BOSTON — Hundreds of psychiatric patients are being “boarded” in emergency rooms across the state as they await beds in mental health facilities, and lawmakers are pushing for more funding to fix the problem.
On any given day, upward of 500 patients in Massachusetts are waiting for a spot to open in a mental health treatment facility.
Delays existed before the pandemic, but they have gotten worse as hospitals diverted patients to make room for COVID-19 cases and staff shortages continue to prevent mental health facilities from adding more beds.
Meanwhile, an unprecedented rise in the number of people experiencing mental health issues during the pandemic has added to stress on the system.
“It’s really a tough situation right now,” said Dr. Danna Mauch, president and CEO of the Massachusetts Association for Mental Health.
Mauch said the state made progress in reducing the backlog of patients awaiting mental health treatment, only to see the pandemic set back some of that progress.
Leigh Simons Youmans, senior director of health care policy at the Massachusetts Health and Hospital Association, said behavioral health is “the epidemic within the pandemic.”
“The historic behavioral health boarding problem has been made even worse by the pandemic as behavioral health diagnoses and acuity increases, in-person services have been more difficult to access, and pressures on emergency departments have risen,” she said.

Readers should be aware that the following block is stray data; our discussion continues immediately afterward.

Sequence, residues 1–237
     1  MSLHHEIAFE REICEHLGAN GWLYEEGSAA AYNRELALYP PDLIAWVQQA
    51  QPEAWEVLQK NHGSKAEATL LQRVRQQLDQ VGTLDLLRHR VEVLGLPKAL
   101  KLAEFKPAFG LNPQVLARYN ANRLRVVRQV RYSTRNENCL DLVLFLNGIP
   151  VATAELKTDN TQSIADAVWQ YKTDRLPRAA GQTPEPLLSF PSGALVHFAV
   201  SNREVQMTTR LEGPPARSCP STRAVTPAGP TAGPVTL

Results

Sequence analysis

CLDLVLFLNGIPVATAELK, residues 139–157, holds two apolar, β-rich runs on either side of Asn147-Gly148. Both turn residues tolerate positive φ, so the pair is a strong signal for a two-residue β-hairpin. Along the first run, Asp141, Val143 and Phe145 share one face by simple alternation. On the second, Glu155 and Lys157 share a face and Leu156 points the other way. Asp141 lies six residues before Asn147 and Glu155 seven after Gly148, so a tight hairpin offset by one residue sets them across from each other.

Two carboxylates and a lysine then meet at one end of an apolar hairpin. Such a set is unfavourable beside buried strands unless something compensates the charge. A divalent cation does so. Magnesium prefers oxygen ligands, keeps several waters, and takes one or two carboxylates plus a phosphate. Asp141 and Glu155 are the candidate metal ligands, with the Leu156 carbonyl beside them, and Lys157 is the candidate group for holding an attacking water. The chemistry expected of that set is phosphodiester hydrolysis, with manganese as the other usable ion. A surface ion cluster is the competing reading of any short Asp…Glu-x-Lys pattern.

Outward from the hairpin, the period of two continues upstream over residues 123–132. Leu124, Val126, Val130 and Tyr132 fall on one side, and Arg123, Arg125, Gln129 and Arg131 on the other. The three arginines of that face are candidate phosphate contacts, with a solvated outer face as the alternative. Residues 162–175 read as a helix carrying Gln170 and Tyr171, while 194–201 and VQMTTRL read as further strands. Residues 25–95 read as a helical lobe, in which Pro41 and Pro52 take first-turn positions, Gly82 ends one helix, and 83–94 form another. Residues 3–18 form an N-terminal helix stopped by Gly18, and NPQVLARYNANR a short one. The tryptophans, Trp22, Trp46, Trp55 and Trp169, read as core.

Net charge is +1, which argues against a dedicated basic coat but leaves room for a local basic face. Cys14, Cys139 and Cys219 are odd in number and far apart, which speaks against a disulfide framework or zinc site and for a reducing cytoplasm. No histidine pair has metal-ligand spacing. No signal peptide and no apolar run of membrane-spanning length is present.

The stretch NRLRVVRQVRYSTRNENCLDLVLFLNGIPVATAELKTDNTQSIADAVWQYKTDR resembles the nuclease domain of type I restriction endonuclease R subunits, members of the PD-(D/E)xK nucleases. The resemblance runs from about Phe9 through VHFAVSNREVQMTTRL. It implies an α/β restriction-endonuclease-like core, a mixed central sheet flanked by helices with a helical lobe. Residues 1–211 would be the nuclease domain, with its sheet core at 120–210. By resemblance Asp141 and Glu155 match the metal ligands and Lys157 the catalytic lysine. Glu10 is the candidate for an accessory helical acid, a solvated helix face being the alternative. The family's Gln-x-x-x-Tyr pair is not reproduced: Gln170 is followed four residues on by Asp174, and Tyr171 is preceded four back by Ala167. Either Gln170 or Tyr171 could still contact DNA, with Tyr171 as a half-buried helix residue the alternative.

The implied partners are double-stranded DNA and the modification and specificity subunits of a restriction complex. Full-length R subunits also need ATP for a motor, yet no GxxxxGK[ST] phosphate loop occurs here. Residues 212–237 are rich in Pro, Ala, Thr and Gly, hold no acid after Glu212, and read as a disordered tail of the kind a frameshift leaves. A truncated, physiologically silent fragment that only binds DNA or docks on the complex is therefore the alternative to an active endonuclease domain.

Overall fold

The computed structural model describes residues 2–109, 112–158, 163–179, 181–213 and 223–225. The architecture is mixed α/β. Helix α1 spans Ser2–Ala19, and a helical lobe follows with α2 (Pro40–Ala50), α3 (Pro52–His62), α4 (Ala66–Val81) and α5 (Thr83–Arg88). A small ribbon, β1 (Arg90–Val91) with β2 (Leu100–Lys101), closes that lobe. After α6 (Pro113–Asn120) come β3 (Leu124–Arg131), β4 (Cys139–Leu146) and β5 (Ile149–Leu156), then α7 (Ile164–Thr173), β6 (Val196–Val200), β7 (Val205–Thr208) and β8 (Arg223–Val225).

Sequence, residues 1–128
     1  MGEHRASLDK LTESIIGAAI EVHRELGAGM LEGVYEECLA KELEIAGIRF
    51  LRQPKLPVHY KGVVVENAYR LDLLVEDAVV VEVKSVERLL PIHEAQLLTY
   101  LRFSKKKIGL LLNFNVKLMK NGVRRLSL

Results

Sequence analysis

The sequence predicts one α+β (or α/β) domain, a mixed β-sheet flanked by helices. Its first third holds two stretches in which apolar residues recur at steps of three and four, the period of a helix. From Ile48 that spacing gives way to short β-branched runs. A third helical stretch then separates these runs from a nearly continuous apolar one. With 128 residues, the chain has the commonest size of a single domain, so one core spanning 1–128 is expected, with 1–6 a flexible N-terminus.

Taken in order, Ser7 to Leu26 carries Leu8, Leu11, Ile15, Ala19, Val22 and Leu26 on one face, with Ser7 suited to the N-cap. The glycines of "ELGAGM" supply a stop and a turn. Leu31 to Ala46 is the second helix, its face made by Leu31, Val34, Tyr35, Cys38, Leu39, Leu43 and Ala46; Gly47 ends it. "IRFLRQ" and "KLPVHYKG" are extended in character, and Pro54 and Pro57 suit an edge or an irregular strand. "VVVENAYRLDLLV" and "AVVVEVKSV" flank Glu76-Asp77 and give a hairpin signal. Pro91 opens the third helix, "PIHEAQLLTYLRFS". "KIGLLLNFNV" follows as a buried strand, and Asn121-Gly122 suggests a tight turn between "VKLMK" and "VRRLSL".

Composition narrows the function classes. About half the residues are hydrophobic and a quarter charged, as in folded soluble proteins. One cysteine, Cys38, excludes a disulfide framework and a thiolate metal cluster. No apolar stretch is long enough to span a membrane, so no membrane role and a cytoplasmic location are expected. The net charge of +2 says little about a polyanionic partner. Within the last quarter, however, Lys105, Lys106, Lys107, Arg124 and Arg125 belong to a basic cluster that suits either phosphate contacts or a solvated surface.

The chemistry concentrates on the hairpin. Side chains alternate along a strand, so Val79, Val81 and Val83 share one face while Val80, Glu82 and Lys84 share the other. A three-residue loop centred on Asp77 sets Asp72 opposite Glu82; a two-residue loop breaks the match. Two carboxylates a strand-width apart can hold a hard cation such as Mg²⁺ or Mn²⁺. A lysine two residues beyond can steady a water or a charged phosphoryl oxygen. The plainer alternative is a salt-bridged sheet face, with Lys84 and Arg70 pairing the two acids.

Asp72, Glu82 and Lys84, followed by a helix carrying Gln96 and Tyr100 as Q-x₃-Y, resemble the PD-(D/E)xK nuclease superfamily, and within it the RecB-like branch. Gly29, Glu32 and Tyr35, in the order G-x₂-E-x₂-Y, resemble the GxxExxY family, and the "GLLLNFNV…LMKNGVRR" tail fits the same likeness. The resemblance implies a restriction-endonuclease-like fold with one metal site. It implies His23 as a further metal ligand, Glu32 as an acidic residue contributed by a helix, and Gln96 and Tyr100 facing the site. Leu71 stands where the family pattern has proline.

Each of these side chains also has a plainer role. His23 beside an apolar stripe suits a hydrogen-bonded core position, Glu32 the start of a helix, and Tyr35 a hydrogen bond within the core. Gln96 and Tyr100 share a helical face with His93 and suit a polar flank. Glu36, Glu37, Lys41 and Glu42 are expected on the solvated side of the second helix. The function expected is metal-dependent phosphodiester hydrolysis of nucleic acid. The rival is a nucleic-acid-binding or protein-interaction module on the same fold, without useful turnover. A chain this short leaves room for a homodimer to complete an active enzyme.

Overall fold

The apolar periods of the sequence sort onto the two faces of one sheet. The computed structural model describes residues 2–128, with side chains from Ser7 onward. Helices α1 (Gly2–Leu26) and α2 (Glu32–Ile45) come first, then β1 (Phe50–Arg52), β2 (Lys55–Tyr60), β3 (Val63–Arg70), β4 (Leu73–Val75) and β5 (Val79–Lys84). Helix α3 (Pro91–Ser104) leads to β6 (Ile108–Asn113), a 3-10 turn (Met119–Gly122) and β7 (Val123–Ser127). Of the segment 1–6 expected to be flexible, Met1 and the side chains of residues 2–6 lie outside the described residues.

Lawmakers are pushing for more funding in the proposed $47 billion state budget to reduce the backlog.
A bipartisan plan, filed by Sens. Joan Lovely, D-Salem, Diana DiZoglio, D-Methuen, and Senate Minority Leader Bruce Tarr, R-Gloucester, calls for earmarking $5 million to create more beds in psychiatric facilities by providing grants to expand staffing levels and other initiatives.
A similar earmark was included in the current state budget and is expected to create an additional 250 new beds this year.
Lovely said she has heard from parents of teenagers who have been “boarded” for weeks awaiting a spot in a mental health facility.
“There’s a huge need for more in-patient beds, especially for young people,” she said. “We need to make a significant adjustment, especially in light of COVID-19.”
Sen. Brendan Crighton, D-Lynn, and other lawmakers have filed an amendment to increase funding for the state Department of Mental Health by nearly $12 million next fiscal year, including $6.6 million specifically for expanding the number of available beds.
Crighton’s proposal would also require the state to explore treatment alternatives to placing patients in residential care.
Christian M. Wade covers the Massachusetts Statehouse for North of Boston Media Group’s newspapers and websites.